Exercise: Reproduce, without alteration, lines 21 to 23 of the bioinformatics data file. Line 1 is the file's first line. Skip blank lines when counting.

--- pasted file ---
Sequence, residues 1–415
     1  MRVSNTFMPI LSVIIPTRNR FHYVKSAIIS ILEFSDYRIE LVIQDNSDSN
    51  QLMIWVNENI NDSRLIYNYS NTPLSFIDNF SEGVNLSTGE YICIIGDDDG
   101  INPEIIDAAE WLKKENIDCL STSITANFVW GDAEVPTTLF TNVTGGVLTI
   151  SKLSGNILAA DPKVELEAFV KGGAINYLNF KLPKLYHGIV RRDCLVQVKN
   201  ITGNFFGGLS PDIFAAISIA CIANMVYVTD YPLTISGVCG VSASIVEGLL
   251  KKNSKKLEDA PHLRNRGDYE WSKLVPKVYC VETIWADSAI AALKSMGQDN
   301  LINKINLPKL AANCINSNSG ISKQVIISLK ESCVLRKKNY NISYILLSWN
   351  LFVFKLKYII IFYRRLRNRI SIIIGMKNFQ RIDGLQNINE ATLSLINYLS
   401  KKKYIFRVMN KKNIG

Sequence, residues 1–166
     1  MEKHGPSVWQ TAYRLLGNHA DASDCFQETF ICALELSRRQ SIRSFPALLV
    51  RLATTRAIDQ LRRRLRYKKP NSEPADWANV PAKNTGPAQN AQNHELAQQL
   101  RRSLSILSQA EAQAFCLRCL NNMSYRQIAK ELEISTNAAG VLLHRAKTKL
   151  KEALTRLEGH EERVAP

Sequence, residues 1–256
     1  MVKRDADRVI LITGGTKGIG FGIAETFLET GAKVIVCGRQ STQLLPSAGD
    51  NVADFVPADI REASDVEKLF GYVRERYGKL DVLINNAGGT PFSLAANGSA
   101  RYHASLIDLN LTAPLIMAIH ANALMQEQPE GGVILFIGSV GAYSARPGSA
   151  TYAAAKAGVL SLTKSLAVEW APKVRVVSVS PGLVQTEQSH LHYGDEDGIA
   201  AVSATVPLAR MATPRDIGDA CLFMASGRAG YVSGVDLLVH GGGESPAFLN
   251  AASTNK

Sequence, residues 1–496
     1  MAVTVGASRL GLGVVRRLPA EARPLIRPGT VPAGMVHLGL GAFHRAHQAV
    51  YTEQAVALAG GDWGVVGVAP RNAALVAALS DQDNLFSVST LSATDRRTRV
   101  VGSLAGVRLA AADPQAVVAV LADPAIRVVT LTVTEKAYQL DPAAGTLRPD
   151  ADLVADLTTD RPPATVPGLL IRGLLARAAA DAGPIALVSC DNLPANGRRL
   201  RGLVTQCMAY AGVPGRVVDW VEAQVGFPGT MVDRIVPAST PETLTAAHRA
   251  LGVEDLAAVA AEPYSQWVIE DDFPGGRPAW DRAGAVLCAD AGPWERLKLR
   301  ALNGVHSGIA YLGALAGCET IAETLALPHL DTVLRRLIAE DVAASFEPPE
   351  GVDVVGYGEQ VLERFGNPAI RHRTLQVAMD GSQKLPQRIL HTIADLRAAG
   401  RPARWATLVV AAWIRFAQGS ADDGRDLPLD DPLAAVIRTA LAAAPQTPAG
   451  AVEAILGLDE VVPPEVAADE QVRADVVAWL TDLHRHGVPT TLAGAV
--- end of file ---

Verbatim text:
   201  AVSATVPLAR MATPRDIGDA CLFMASGRAG YVSGVDLLVH GGGESPAFLN
   251  AASTNK

Sequence, residues 1–496